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Development of own varieties to reduce foreign supply

Spain: Huelva's strawberries come originally from North America

The Florida Fortuna, Victory, San Andreas or Calinda were the main strawberry varieties grown in Huelva during the 2016-2017 season. All of them are the result of genetic improvement programs carried out by the University of Florida (Fortuna) and California (Andreas).

In the 1950's, the strawberries grown in Spain were almost wild. In the 1970's, when industrial production began, there was a search for varieties that were more resistant than the traditional ones. Antonio Medina Lama imported the Californian model with a longer lasting variety, giving rise to the creation of the first agricultural cooperatives.

Currently, 73% of the strawberries planted in Palos de la Frontera, Moguer, Lepe and other municipalities in the province of Huelva pay licenses to North American universities, according to the latest report prepared by Servifapa. Thus, for every 1,000 plants, nursery growers pay 20 Euro in royalties.

Altogether, during 2016, strawberry producers paid US breeders more than 12 million Euro, reports José Luis García Palacios, president of Interfresa, the Strawberry Interprofessional Association.

In 1998, strawberry growers, nursery growers and Caja Rural del Sur created the company Fresas Nuevos Materiales (FNM), with the aim of developing their own varieties to supplement and reduce the burden of the foreign supply.

The process to obtain a new variety begins with the crossing of two varieties with desirable characteristics. This union is considered an individual. Every year, the FNM carries out from 80 to 90 crosses, which result in between 8,000 and 10,000 individuals. They are then selected depending on their precocity, disease tolerance, firmness, colour and sugar level. Some 180 families are assessed every year, of which only 25 families go into the second year. The varieties obtained are examined under different productive situations and on an even larger scale in fields of shareholder producers.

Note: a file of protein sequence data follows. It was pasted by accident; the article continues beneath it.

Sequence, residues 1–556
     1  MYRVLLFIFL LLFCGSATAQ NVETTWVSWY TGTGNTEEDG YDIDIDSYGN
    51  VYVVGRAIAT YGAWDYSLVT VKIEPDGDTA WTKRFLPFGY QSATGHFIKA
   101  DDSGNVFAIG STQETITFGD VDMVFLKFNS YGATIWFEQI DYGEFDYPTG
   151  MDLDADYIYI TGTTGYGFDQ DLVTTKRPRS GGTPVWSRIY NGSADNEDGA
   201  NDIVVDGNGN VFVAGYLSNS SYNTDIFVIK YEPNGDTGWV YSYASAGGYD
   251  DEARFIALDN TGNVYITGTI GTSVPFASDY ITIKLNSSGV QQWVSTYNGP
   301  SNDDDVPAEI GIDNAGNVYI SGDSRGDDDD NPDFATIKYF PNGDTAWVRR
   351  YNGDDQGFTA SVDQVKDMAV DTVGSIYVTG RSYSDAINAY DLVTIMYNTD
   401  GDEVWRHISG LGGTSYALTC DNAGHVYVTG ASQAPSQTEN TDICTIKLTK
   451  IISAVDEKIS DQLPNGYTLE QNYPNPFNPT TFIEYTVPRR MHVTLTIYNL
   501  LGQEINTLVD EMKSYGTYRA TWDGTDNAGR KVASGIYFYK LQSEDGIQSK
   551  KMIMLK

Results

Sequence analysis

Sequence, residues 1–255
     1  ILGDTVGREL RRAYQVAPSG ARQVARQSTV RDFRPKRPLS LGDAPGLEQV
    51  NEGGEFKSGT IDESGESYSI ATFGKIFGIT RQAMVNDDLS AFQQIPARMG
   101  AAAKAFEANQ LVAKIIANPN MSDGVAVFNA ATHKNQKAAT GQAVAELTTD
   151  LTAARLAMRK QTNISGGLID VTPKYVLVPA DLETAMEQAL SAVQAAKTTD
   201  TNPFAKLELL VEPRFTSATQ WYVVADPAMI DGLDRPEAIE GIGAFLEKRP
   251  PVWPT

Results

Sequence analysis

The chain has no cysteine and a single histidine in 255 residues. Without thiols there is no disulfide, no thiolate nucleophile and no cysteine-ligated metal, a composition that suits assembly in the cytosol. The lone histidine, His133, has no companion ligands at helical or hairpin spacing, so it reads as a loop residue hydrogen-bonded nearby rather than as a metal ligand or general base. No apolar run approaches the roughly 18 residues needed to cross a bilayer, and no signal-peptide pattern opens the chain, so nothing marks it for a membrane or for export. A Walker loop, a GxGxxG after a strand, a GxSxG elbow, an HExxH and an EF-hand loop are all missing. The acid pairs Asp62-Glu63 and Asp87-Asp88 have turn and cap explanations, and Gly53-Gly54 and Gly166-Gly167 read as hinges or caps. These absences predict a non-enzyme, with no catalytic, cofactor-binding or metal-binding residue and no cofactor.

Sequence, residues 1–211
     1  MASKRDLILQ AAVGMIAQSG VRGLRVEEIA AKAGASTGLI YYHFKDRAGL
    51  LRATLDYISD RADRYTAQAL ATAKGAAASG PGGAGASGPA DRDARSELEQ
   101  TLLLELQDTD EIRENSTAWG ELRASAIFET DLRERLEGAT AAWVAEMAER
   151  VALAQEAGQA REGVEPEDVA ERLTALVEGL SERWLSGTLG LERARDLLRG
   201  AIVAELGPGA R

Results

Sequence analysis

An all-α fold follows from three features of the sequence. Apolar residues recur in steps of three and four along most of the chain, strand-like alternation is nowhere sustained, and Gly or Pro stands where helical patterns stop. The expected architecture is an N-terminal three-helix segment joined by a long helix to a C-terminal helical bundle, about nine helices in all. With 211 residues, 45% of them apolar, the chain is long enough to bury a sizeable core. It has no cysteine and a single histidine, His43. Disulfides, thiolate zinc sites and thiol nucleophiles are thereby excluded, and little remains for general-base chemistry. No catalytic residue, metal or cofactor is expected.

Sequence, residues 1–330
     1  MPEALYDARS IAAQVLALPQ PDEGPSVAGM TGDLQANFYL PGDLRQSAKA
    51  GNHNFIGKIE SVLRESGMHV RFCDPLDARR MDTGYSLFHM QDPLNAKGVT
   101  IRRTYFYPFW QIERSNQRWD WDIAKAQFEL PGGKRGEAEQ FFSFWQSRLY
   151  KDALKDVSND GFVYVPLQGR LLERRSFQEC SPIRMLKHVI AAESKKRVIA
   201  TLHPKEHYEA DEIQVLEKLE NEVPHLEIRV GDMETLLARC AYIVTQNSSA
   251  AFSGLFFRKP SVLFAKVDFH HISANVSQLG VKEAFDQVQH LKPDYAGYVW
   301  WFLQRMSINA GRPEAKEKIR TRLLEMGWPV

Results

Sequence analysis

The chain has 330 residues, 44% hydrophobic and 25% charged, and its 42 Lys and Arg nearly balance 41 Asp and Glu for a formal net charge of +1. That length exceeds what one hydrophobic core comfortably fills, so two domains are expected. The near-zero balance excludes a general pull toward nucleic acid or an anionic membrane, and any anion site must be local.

After this process is completed, they are registered in the Spanish Office of Plant Varieties and in the EU Office of Plant Varieties. The FNM cultivates them in vitro to offer them free of pests and ships the mother plants to associated nurseries (mainly from Avila and Segovia), which freeze them from December to March. They are then planted at high altitudes in spring, as strawberries need cold temperatures to develop. Later, in October, they are transplanted to Huelva, where the fruit is harvested within 50 days.

At present, the national strawberry varieties Primoris, Rábida and Rociera account for 30% of the production. The goal, according to the president of Interfresa, is for this percentage to reach 50% within the next 10 years.

For export
"In 20 days, about 20 million plants are handled," explains the manager of Finca Masiá Ciscar, which has retailers like Mercadona and Lidl among its main customers. "In 1977, the harvest was carried out in March; today it is done from December, reaching its peak in January. The production starts in October because it does not make sense to reach Central Europe in May, when those markets have local strawberries available," he points out. The production is subject to strict phytosanitary controls.

Of the total Spanish strawberry production, 90% is devoted to the export market. Sales abroad have grown by 15% over the last five years, standing at about 290,000 tonnes. Germany (30%) and France (20%) are the main destinations for Spanish strawberries. Behind these two countries we find the United Kingdom and Italy.

Gefrusa, made up of 40 producers from Huelva, is one of the province's biggest names, since it sells its entire production abroad. In 2016, the firm reached 44 million Euro in revenue and employed 500 people.

Up until 2018, the EU, the Spanish Ministry of Agriculture and Fisheries, Food and Environment and Interfresa will be promoting Strawberries of Europe over those of other origins in Spain, France and Germany. The "Vive La Roja" campaign, which has a budget of 3.6 million Euro, is focused on the promotion of its quality, environmental sustainability, traceability and food safety and it aims to increase consumption by 5%.


Source: cincodias.com

Publication date: 3/20/2017


 


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